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Dtsch Med Wochenschr. 2007 Nov;132(44):2318-22.

[Morbidity and mortality of kidney and pancreas transplantation. Analysis of 810 transplantations at one center].

[Article in German]

Author information

1
Chirurgische Universitätsklinik Bochum am Knappschaftskrankenhaus, Bochum-Langendreer, Deutschland. michael.schaeffer@kk-bochum.de

Abstract

BACKGROUND:

Simultaneous pancreas kidney transplantation (SPK) is well established in the treatment of patients with type 1 diabetes and end-stage renal disease, but despite improved surgical techniques morbidity is still high.

PATIENTS AND METHODS:

A retrospective analysis of morbidity and mortality after first-time kidney transplantation (KTA: kidney transplant alone), pancreas transplantation (PTA: pancreas transplant alone), and SPK in a total of 810 patients was undertaken in our institution between January 1993 and December 2005.

RESULTS:

Of the total of 810 patients who had first-time transplantations, 524 underwent KTA, 4 underwent PTA, and 282 underwent SPK. Morbidity and mortality was significantly higher in SPK than in KTA (p < 0.05). Risk of early postoperative loss of a transplant organ was higher in SPK than in KTA, and there were more re-operations in SPK than in KTA (p < 0.05). More patients had infections infections after SPK than after KTA (p < 0.001). There were 23.0 % wound infections in SPK and 11.8 % in KTA (p < 0.05). Organ rejection occurred in 18.1 % of the patients after SPK and in 13.4 % after KTA (p = 0.07). At the time of discharge 95.0 % of KTA patients did no longer need dialysis treatment, compared with 97.1 % of SPK patients, of whom 88 % became insulin independent. One-year organ survival rate was 88 % in KTA patients and 89 % (kidney) and 86 % (pancreas) in SPK patients.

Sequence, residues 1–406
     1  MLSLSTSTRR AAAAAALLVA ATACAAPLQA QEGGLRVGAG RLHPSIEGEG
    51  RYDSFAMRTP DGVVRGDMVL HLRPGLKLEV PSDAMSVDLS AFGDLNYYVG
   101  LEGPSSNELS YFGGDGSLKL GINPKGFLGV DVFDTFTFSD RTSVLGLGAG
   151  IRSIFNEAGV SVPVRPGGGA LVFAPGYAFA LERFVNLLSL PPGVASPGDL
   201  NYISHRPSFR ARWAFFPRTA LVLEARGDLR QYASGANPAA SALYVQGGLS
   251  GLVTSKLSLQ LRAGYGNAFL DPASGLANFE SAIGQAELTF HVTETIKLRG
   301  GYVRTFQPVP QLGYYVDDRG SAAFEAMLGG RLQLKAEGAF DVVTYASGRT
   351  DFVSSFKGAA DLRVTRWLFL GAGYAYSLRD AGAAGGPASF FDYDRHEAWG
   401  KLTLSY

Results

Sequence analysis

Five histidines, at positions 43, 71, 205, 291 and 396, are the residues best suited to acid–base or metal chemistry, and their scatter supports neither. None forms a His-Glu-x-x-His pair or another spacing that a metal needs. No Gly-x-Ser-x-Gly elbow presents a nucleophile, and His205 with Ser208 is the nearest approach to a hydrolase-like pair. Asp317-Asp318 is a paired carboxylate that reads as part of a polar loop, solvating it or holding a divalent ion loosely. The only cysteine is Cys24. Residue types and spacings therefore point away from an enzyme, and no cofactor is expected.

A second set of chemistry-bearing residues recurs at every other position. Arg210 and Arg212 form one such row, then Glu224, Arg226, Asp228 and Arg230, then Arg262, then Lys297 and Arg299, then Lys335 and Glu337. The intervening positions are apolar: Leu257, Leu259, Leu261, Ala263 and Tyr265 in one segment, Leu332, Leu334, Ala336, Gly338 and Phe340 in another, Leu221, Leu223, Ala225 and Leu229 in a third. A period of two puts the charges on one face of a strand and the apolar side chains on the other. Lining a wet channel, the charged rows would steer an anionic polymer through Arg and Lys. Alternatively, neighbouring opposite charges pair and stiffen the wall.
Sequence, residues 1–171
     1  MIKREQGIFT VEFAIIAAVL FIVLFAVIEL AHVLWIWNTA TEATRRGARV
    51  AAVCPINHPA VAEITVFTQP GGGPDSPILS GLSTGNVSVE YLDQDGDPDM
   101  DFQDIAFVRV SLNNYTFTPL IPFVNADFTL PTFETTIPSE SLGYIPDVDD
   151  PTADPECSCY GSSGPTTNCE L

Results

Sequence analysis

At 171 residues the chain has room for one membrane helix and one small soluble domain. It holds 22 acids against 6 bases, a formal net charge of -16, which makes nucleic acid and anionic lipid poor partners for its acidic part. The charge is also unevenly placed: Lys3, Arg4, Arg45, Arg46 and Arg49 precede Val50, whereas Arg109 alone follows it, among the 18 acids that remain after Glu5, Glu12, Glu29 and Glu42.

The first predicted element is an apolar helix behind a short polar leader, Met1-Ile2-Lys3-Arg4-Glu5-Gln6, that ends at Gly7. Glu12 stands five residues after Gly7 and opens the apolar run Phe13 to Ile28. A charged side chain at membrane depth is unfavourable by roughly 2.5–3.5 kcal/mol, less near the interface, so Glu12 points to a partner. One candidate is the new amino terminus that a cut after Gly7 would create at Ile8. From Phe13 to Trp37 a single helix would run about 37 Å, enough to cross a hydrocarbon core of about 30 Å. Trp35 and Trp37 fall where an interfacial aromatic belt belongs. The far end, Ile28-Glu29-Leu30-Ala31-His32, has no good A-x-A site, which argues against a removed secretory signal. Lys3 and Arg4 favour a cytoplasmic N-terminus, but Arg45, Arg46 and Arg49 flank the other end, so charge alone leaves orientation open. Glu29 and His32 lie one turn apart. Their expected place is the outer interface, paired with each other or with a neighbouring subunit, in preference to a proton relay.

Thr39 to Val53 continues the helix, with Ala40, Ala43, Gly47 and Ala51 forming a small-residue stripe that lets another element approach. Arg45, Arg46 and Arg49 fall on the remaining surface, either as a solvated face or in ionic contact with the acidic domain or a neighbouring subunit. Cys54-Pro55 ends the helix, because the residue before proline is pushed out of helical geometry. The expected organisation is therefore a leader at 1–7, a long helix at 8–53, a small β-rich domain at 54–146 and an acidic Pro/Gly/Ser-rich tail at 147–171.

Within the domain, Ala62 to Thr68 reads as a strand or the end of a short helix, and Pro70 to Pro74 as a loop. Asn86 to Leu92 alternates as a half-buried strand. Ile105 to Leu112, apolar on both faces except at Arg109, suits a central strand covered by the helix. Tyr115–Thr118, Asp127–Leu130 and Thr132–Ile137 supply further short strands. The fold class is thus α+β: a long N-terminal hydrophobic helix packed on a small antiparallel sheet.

CONCLUSION:

Morbidity and mortality rates are still high after SPK. Excellent 1- and 5-year organ survival rates favor the use of SPK in type 1 diabetics associated with end-stage renal disease.

PMID:
17957594
DOI:
10.1055/s-2007-991649
[Indexed for MEDLINE]
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